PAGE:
The Story of Liberals

A recent post on the blog Jesus Creed highlights the need for liberals to tell our own story, and not simply allow caricatures by our opponents to predominate.

Liberal Christianity, in a nutshell, is simply one form of Christianity that has existed for as long as Christianity has. It recognizes that the Bible is a collection of works by human beings and not written by God, and that there is a need to be open to other sources of information besides Christian or Biblical ones. Liberal Christianity seeks to do honestly and consistently what all Christians do, even if they do not admit it, namely decide what we should believe and do, considering not only Biblical texts or church hierarchies, but also other sources including our own reason. While some Christians claim to be based on nothing but “the Word of God” and to not pick and choose, that claim is never, ever true in reality. And so, while there is a long history of conservatives trying to put liberals on the defensive for “picking and choosing,” liberals should courageously point out that conservatives do so without admitting it, and often without a clear rationale. To be a liberal Christian is to seek honesty, consistency, openness, and breadth. And contrary to what conservative critics sometimes claim, it is not necessary to cease being a Christian in the process.

Karl Giberson has illustrated the harm that is done by the anti-science crowd among conservatives, and the way they manage to demonize and silence their liberal critics.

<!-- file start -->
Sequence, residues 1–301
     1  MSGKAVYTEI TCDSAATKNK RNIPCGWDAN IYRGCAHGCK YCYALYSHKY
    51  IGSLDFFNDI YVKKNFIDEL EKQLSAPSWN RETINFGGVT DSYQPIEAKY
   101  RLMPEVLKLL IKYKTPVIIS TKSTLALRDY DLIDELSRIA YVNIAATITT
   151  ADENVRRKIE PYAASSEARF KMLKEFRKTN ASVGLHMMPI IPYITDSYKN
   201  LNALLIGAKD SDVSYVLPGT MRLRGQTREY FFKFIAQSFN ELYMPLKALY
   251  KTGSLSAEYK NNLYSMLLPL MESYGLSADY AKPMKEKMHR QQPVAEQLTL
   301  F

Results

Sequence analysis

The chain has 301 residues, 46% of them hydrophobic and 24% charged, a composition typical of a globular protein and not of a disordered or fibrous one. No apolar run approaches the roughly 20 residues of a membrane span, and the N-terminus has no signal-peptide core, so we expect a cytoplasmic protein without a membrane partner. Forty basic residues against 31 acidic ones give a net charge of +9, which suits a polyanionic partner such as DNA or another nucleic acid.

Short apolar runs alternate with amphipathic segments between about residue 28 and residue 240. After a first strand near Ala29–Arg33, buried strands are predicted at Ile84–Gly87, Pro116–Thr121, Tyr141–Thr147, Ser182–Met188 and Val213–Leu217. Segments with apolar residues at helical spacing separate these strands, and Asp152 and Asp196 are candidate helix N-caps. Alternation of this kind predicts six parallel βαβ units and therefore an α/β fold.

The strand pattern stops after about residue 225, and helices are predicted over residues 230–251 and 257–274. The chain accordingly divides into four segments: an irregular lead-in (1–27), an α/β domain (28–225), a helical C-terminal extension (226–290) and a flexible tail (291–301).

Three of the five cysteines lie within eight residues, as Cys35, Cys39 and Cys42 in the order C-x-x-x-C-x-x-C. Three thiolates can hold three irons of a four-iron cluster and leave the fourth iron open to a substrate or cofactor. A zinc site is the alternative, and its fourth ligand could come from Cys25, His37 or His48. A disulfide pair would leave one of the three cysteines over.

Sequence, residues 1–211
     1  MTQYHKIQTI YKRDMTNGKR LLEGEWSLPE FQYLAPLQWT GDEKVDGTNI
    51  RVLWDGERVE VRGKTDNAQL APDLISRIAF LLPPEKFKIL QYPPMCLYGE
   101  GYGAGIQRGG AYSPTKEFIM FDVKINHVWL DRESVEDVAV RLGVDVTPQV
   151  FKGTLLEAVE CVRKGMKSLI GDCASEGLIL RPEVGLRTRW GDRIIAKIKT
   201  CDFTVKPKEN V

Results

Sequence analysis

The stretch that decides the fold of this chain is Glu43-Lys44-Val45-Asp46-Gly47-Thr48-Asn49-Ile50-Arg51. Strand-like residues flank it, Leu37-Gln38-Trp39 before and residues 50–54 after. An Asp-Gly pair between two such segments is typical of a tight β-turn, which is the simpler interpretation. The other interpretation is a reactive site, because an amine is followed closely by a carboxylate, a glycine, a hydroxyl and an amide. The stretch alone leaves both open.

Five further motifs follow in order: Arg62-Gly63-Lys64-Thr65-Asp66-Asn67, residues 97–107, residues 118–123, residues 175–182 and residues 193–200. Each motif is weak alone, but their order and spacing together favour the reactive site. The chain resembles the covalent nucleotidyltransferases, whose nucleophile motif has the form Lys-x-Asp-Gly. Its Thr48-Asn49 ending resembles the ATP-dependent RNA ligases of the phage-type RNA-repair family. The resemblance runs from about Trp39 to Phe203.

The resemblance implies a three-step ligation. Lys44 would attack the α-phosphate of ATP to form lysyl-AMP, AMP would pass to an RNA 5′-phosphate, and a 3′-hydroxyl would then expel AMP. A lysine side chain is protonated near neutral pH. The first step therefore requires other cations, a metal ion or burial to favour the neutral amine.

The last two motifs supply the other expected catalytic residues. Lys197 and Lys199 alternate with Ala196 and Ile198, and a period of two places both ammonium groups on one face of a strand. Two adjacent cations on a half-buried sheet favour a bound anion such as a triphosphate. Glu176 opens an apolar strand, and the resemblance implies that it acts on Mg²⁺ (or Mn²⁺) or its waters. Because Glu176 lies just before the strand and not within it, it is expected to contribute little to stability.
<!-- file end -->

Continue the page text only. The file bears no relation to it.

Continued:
The blog A Thinking Reed highlights Georgia Harkness as an Evangelical liberal theologian. Val Webb looks at Benjamin Jowett as a progressive voice from quite a while back.

Sandhya Jha issued a call to liberals to be on the front lines.

Also on a related note, a politically centrist voice emphasizes why having a strong left and right is important to being able to stake out middle ground.

 

  • newenglandsun

    “Liberal Christianity, in a nutshell, is simply one form of Christianity that has existed for as long as Christianity has. It recognizes that the Bible is a collection of works by human beings and not written by God, and that there is a need to be open to other sources of information besides Christian or Biblical ones. ”

    James, how are you defining “liberal Christianity” in this sense? You sure sound like you’re talking about the Catholic Church which was open to the works of philosophers such as Aristotle, Plato, Avicenna, and Al-Ghazali. But I highly doubt you would consider the Catholic Church to be “liberal”.

    • http://www.patheos.com/blogs/exploringourmatrix/ James F. McGrath

      The Catholic Church – or at least, constituencies within it – have certainly been liberal at times, both in this sense and in others.

      • newenglandsun

        Okay, so you’re talking about just a general sense of the word liberal. Thanks for clarifying. :)

      • newenglandsun

        Wait…which constituencies. Because I would state that historically, the entire vision of the Church has been liberal.


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